We measure what is important. When you think about the metrics used by most churches, they count nickels and noses. Maybe they count the number of groups or the number of people in groups. Maybe they count the number of people who are serving. But what if churches focused on a new metric? This metric would dynamically impact all of the other metrics. What if the measurement of success became the number of people actively discipling other people? It could be a person discipling two other people as I described above. Or it could be a person discipling eight other people. And of course the intention of all of this discipling is to produce more disciples who make disciples.

What Kind of Church is Yours?

Not all pastors and churches are doing a bad job at making disciples. But, not very many are doing a good job either. Pastors and churches fit into one of four categories when it comes to making disciples:

Content: These pastors and churches are happy with what they have. Often discipleship and small group pastors in these churches are content with the groups and discipleship efforts they have because they have met the expectations of their leadership. They are satisfied with a good job that’s keeping them from achieving a great job at discipleship.

Confused: These churches and pastors believe they are making a greater impact with discipleship than they actually are. Often these churches are led by brilliant teachers who can captivate an audience. The thought is if the pastor gives the people more of the truth, then they will learn and become more like Christ. This is a result of the Enlightenment. Knowledge is king. But, we must remember that “Knowledge puffs up, while love builds up” (1 Corinthians 8:1, NIV). How many people know a great deal of God’s Word, yet it’s not reflected in their actions and attitudes? Great teaching alone won’t overcome the average person’s default which was established by imitating their parents and other role models. They need the support and accountability of others to apply God’s Word to their lives. One service or series won’t dramatically change someone’s daily habits. In fact, a call to change without the means to change will lead to tremendous frustration.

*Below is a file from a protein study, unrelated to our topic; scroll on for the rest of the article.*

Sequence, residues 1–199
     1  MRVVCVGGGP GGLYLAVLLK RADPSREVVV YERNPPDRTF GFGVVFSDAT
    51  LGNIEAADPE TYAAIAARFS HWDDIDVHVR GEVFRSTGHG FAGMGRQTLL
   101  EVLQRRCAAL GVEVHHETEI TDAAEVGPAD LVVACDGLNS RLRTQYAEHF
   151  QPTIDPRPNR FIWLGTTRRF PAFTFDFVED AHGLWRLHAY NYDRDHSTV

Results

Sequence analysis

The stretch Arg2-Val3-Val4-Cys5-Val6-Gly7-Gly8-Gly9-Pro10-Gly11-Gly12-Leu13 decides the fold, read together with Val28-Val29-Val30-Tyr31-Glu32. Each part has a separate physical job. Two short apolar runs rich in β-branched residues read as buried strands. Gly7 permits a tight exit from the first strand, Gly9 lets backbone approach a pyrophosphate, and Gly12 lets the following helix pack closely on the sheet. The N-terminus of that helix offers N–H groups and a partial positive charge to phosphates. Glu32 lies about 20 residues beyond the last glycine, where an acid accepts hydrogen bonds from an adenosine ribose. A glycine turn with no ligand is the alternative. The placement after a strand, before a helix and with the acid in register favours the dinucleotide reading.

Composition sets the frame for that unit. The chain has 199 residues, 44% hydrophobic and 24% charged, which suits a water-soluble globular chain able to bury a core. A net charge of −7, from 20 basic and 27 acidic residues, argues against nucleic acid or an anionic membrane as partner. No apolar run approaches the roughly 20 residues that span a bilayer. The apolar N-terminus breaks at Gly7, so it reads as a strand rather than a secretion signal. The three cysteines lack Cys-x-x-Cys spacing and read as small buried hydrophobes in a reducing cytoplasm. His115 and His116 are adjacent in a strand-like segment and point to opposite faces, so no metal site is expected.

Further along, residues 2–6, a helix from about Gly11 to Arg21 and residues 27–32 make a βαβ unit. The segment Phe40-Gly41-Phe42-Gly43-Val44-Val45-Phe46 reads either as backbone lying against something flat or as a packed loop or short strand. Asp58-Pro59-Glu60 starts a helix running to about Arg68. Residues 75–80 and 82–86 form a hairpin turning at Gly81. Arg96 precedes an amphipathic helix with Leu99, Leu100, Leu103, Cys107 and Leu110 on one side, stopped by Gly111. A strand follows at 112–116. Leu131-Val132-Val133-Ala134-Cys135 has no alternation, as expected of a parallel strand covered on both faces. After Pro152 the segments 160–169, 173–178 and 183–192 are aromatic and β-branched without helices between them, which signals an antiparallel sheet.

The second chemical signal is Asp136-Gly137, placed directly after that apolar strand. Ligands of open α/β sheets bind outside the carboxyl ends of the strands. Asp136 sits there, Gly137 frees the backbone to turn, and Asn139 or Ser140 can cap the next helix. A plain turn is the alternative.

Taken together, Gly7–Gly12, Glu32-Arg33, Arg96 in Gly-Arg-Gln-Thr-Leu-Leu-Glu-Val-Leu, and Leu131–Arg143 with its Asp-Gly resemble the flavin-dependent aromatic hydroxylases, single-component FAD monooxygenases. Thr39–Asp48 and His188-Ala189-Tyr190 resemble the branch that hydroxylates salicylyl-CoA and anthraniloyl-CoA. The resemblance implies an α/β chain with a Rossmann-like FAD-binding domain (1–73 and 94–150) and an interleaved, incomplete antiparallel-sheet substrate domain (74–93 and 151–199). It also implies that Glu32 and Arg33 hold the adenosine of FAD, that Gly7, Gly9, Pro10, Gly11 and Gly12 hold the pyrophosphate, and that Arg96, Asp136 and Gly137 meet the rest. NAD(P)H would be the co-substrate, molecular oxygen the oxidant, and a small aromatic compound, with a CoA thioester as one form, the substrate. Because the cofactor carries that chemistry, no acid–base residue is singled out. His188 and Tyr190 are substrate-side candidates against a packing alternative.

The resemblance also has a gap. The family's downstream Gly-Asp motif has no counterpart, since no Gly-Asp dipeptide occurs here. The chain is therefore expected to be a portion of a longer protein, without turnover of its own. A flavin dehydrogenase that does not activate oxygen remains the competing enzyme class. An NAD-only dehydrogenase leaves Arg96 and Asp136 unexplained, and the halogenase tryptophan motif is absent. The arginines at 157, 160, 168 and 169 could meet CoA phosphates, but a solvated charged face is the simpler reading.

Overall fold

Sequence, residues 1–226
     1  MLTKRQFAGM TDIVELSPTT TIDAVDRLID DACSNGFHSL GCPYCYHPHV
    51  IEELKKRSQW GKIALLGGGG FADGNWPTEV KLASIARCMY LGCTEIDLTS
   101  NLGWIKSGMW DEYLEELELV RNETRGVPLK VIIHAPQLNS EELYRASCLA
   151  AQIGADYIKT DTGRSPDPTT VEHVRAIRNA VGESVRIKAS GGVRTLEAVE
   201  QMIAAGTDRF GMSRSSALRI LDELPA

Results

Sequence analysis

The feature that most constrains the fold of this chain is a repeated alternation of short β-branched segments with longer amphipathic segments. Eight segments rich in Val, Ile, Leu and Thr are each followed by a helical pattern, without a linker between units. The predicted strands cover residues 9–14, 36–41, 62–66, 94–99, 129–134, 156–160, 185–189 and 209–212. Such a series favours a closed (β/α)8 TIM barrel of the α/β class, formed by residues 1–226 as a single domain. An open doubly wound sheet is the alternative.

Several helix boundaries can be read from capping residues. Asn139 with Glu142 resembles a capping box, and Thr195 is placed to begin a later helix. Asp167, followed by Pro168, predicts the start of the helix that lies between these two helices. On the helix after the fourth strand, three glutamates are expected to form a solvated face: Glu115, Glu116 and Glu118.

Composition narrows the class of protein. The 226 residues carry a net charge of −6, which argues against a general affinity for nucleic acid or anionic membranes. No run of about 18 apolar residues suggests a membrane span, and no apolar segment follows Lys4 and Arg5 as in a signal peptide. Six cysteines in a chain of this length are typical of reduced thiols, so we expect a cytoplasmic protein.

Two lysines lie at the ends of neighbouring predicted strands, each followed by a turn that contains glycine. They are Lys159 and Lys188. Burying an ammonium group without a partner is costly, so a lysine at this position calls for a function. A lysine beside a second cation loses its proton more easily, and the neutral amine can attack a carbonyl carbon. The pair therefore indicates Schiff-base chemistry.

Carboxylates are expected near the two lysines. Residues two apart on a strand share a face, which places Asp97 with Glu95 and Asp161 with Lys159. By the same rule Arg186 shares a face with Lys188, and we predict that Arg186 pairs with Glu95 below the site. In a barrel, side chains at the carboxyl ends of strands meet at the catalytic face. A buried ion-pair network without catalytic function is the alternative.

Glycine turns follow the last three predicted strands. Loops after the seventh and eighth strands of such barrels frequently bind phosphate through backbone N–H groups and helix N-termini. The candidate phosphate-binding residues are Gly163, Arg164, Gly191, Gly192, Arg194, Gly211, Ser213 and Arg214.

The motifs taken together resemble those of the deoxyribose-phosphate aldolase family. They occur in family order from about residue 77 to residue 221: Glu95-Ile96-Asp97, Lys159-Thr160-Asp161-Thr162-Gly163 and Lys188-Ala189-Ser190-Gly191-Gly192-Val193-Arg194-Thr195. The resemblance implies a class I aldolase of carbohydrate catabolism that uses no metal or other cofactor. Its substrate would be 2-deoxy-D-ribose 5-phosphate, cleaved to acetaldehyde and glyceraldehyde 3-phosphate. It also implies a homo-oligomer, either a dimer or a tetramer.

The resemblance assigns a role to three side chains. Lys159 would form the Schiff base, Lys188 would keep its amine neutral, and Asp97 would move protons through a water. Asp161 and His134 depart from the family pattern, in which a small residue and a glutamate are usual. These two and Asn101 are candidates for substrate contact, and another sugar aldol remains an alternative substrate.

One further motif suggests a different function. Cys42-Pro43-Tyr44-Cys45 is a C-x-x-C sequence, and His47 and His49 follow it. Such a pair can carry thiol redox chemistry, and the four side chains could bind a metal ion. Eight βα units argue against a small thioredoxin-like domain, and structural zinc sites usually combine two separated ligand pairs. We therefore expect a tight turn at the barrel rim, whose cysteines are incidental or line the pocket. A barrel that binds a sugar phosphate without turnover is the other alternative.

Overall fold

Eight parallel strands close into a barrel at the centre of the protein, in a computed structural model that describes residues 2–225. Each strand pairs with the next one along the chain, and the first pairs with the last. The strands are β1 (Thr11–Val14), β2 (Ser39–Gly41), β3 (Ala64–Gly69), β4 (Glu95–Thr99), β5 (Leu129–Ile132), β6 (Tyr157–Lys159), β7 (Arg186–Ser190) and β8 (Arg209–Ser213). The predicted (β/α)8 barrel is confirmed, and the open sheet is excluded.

Frustrated: These pastors are trying to make disciples in a church that doesn’t support their efforts. Make disciples anyway. These churches have a spiritual growth/discipleship/assimilation/small groups department for the minimum purpose of preventing members from complaining about a lack of discipleship. When someone asks what the church is doing to help people grow or to go deeper, these pastors and churches just need to point to the department. If you are a pastor who’s discipleship efforts or small group ministry as been relegated to a complaint department for unchallenged members, you have my sympathy. In your church, the weekend service is king. But, in your circumstance, you can still make disciples who make disciples despite the limitations.

Disciple-making: These pastors and churches are making disciples who make disciples. They use worship services and sermons to catalyze commitments that lead to next steps in discipleship groups, support groups, or whatever next steps people need in their spiritual walk. In every worship service, every event, every church initiative, these churches provide an opportunity for people to take the next step of working through issues, applying God’s Word to their lives, finding their unique calling as part of the body of Christ, overcoming sin and addiction, and so many other things. A worship service alone will not resolve these things, but it can motivate people to take their next step. People need someone to disciple them. Disciples make disciples.

Which church are you? Isn’t it time to stop striving to become the megachurch you will never be? Isn’t it time to come to grips with the fact that bigger is only better as long as the church stays on-mission to make disciples? The alternative is wearing yourself out trying to raise money, build buildings, market strategically, and recruit volunteers to maintain a large weekend gathering that doesn’t make disciples in and of itself. Then you wonder why you don’t have any energy to fulfill the church’s calling to make disciples. If your church’s focus is not on making disciples, then what are you making?

This is why I am calling churches to the 100 Groups Challenge in 2020. We have got to make up for this deficit of discipleship in our churches. We need to give 100% effort to either connecting 100% of the weekend attendance into groups, reaching 100 total groups in your church, or starting 100 new groups in 2020.